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With third largest internet user base, India’s e-commerce still falls behind China’s e-market

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shopping-cart-304843_640A digital research firm, eMarketer analyse from its data that retail e-commerce sales in India are expected to reach $17.5 billion (Rs.105,120 crore) by 2018, from $5.3 billion (Rs 31,800 crore) in 2014, but only two of 10 internet users in India shop online.

India’s e-commerce market is intensely competitive, with US giant Amazon establishing its presence in India in 2013 and Alibaba, the Chinese giant, planning to start selling by August this year. Flipkart, India’s largest e-commerce firm, recently raised $550 million (Rs.3,300 crore) at a valuation of $15 billion (Rs.90,000 crore).

Despite having the third-largest internet user base in the world with 200 million users at the end of 2014, India does not feature in the top 10 e-commerce markets in the world, according to an eMarketer report. The reasons centre on low Internet reach, slow internet speeds outside the metropolitan cities and poor customer services.

India’s e-commerce sales in 2014 were $5.3 billion (Rs.31,800 crore) – 80 times smaller than China’s $426.26 billion (Rs.2,557,760 crore) and 58 times smaller than US’ $305.6 billion (Rs.1,833,900 crore).

“If you look at Japan, China and US, e-commerce became popular as early as 2002-2003. It has taken them about 12-13 years to reach where they have reached. E-commerce really took off in India only in 2012-13. It will take India also that much time to reach there,” said Rajnish, a technology expert.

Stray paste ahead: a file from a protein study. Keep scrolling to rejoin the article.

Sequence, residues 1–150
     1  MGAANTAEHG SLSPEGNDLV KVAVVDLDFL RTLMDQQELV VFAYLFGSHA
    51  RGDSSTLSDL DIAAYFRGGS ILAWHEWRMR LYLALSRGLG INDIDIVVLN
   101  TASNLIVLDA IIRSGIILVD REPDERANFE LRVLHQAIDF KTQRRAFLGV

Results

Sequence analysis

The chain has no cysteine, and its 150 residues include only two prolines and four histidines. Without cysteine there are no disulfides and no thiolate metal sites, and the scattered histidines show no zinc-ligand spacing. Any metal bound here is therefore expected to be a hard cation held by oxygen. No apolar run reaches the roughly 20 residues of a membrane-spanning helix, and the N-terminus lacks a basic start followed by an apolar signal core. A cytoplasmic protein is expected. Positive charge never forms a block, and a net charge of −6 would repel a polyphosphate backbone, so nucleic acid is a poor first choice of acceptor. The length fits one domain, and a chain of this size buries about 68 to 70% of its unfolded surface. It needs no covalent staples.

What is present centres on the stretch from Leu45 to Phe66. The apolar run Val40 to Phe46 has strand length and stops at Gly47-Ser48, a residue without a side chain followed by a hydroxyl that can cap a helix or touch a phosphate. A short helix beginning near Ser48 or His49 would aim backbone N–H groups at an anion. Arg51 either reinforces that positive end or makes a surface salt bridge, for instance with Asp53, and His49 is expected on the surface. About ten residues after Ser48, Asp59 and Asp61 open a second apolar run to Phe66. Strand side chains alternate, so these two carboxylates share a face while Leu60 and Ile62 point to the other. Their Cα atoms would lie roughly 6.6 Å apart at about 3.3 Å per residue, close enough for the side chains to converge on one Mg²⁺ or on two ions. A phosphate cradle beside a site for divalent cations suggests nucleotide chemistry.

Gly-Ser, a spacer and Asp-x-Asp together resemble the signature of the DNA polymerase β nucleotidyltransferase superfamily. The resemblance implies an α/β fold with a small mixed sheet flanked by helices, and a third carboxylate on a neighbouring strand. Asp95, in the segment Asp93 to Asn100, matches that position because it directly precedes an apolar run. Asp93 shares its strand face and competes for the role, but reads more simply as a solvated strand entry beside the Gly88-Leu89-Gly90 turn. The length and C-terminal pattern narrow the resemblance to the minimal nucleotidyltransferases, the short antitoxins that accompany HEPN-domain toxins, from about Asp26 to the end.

China and the US accounted for more than 55 percent of global internet retail sales in 2014. China’s growth over the next five years will widen the gap between the two countries. China will likely exceed $1 trillion (Rs.6,000,000 crore) in retail e-commerce sales by 2018, accounting for more than 40% of the total worldwide.

Globally, retail sales reached $22.492 trillion (Rs.134,952,000 crore) in 2014 but retail e-commerce sales stood at $1.316 trillion (Rs.7,896,000 crore, 5.9 percent of overall retail sales).

E-commerce sales are expected to increase 89 percent to $2.489 trillion (Rs.14,934,000 crore, 8.8 percent of overall retail sales) in 2018.

Digital-buyer penetration — a measure of digital reach — is a major factor in determining the success of retail e-commerce sales. India’s digital-buyer penetration was quite low at 24.4 percent in 2014 as compared to the global average of 41.6 percent.

The UK leads the world with 88% penetration. Ironically, China with 55.2 percent and US with 74.4 perent penetration do not feature in the top five. Indian e-commerce has a long way to go.

“E-commerce in India still has a lot of friction,” Rajnish said. “Till that is solved, it will be hard for penetration to go beyond 30 percent. For example, India has very low credit-card penetration and the cash-on-delivery (COD) model is why Flipkart really took off.”

People above 35 are not very comfortable using their debit card online. PayTm and others solve this problem but there is a lot of friction.

“I use PayTm for Uber and it is still a process that has friction. In US, the return policy is very generous. I bought a coat from Amazon in the Bay area; it ended up being the wrong size. My experience of changing to the correct size was very seamless. When I bought a down jacket in Bangalore, and it ended up being the wrong size, getting the right size was really a painful experience,” said Rajnish.

That view is echoed by Paritosh Sharma, an advisor to tech startups and an entrepreneur with PayUMoney, a digital-payment platform.